You’re trapped in a room, and inside with you is a computer connected to another user outside. You begin a conversation with the user seeking directions out of the room. The user seems so intelligent, so you doubt whether it’s a real person. You think it’s a computer instead. Human or Android, how would you be able to tell the difference? This is a classic example of the Turing Test— a machine’s ability to exhibit intelligent behaviour indistinguishable from that of a human. According to AI scientists, artificial intelligence may be slightly conscious, and the Turing Test might soon be realized.
Related media: Do Robots Deserve Rights? What if Machines Become Conscious?
A Peek Inside An Artificial Mind
In a tweet by Ilya Sutskever, co-founder of OpenAI, he stated:
There’s this growing debate about when and how AI and human intelligence will be comparable. If you think that scenario is too Sci-Fi than reality, then according to leading computer scientists, modern AI may be displaying glimmers of consciousness. Several AI scientists — including Sutskever and Tamay Besiroglu of the Massachusetts Institute of Technology (MIT) — are warning that some machine learning AI may have achieved a limited form of sentience. This is what sparking the debate among AI scientists and neuroscientists.
As professor Murray Shanahan from Imperial College London explained with this analogy: “In the same sense that it may be that a large field of wheat is slightly pasta.”
Besiroglu tweeted in defense of Sutskever’s idea, making claims that such a possibility shouldn’t be underestimated.
Artificial Mindset: Fake Thinking
In a recent study that made attempts to track the frontiers in machine learning over the past decade, it found a clear distinction between major advances in vision and language. Pop quiz: define consciousness. (Read this article). Defining consciousness is still a debate among many philosophers and neuroscientists. We think of it as how our brains are functioning at any given point in time, say, now. It even has a broader sense of being what we’re currently thinking about, or what else? In short, it’s your imagination.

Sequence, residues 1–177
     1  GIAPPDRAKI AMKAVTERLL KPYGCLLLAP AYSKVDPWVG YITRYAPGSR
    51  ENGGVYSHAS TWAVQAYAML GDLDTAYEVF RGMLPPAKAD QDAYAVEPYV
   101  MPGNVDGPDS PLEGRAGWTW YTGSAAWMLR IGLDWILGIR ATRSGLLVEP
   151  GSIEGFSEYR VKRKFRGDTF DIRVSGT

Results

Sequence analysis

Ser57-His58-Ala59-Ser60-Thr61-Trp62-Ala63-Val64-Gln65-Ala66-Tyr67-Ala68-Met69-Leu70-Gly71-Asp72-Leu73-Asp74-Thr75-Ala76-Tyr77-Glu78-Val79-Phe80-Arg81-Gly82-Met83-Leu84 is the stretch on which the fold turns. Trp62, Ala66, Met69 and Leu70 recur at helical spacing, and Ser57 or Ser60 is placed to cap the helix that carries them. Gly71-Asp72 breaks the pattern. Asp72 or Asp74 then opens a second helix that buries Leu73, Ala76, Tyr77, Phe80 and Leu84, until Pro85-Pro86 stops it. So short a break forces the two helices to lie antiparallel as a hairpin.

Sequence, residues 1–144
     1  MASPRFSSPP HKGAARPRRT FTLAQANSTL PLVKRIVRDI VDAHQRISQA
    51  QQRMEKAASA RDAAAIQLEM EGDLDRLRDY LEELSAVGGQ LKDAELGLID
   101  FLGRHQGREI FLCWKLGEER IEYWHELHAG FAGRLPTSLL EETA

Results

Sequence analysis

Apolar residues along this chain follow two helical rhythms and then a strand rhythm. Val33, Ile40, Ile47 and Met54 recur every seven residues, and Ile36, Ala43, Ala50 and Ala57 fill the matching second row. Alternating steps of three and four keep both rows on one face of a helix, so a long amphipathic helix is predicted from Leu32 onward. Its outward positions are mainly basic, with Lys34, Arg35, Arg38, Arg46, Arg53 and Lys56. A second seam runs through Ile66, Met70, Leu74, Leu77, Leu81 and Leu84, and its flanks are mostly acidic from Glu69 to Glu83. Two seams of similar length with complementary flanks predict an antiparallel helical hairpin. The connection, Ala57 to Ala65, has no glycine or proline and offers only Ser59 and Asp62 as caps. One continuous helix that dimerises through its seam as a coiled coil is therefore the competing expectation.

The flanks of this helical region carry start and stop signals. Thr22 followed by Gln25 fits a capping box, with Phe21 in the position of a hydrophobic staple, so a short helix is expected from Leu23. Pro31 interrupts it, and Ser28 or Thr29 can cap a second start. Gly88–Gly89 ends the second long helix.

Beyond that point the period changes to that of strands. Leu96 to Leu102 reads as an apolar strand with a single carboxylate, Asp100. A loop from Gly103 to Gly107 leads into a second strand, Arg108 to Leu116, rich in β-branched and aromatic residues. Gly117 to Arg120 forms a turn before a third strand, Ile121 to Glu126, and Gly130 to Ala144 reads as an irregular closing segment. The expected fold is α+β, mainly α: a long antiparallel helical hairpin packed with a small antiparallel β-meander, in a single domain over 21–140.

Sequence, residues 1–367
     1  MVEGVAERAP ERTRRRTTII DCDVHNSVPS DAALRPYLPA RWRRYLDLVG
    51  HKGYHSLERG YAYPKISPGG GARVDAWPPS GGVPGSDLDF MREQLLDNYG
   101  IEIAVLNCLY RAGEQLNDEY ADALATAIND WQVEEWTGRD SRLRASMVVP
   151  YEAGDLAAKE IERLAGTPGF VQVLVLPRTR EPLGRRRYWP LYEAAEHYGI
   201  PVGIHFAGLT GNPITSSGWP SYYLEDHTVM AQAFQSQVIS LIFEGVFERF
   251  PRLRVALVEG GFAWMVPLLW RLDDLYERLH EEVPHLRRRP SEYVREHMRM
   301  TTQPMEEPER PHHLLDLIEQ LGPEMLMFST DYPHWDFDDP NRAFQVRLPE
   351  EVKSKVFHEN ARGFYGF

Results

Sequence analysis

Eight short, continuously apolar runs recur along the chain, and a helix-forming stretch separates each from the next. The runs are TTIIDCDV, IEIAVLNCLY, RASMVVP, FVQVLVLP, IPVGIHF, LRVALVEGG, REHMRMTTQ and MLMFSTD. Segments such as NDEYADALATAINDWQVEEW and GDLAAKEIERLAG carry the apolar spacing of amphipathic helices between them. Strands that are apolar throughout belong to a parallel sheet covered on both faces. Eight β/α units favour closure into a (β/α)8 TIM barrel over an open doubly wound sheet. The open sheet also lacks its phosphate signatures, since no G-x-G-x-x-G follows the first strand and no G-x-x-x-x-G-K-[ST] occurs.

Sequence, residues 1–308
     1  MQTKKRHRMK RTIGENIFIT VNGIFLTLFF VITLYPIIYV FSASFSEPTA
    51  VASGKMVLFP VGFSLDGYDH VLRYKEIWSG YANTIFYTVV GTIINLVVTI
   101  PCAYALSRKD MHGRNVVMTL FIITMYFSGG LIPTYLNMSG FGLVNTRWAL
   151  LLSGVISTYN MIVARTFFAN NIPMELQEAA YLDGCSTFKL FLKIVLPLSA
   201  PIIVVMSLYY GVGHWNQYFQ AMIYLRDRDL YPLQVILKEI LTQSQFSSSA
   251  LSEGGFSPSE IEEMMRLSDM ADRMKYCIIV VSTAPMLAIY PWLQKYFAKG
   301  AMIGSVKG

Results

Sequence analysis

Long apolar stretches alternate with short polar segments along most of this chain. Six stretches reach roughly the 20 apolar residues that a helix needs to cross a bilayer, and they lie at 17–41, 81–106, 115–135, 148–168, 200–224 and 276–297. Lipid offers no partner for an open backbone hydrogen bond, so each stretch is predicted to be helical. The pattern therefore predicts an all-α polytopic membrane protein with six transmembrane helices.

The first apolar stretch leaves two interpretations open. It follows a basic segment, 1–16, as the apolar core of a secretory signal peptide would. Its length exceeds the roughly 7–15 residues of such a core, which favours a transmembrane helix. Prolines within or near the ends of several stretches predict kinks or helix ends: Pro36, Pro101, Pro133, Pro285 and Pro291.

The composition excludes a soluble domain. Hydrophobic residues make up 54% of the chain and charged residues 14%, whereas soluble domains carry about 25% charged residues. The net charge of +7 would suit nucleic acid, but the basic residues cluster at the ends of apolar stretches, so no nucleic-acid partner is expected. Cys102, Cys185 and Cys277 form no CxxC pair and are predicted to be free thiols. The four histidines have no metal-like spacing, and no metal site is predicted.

OpenAI’s sophisticated text generator GPT-3 — which was categorized as “maybe slightly conscious” — was compared with Google’s AlphaGo Zero, developed by their DeepMind AI division. Besiroglu, who was one of the co-authors of the study, drew a line across this trending attempt to classify which AI algorithms was capable of having some form of consciousness.
“I don’t actually think we can draw a clear line between models that are ‘not conscious’ vs. ‘maybe slightly conscious,’” Besiroglu told Futurism. “I’m also not sure any of these models are conscious. That said, I do think the question could be a meaningful one that shouldn’t just be neglected.”
Is AI Getting ‘Slightly Conscious?’
As OpenAI CEO Sam Altman offered his thoughts about his company’s AI, he tweeted:
The prospect of artificial consciousness rather than simply artificial intelligence raises ethical and practical questions: If machines achieve sentience, then would it be ethically wrong to destroy them or turn them off if they malfunction or are no longer useful?
Jacy Reese Anthis also tweeted:
Do you think AI will achieve consciousness?
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Written by: Nana Kwadwo, Mon, Feb 14, 2022.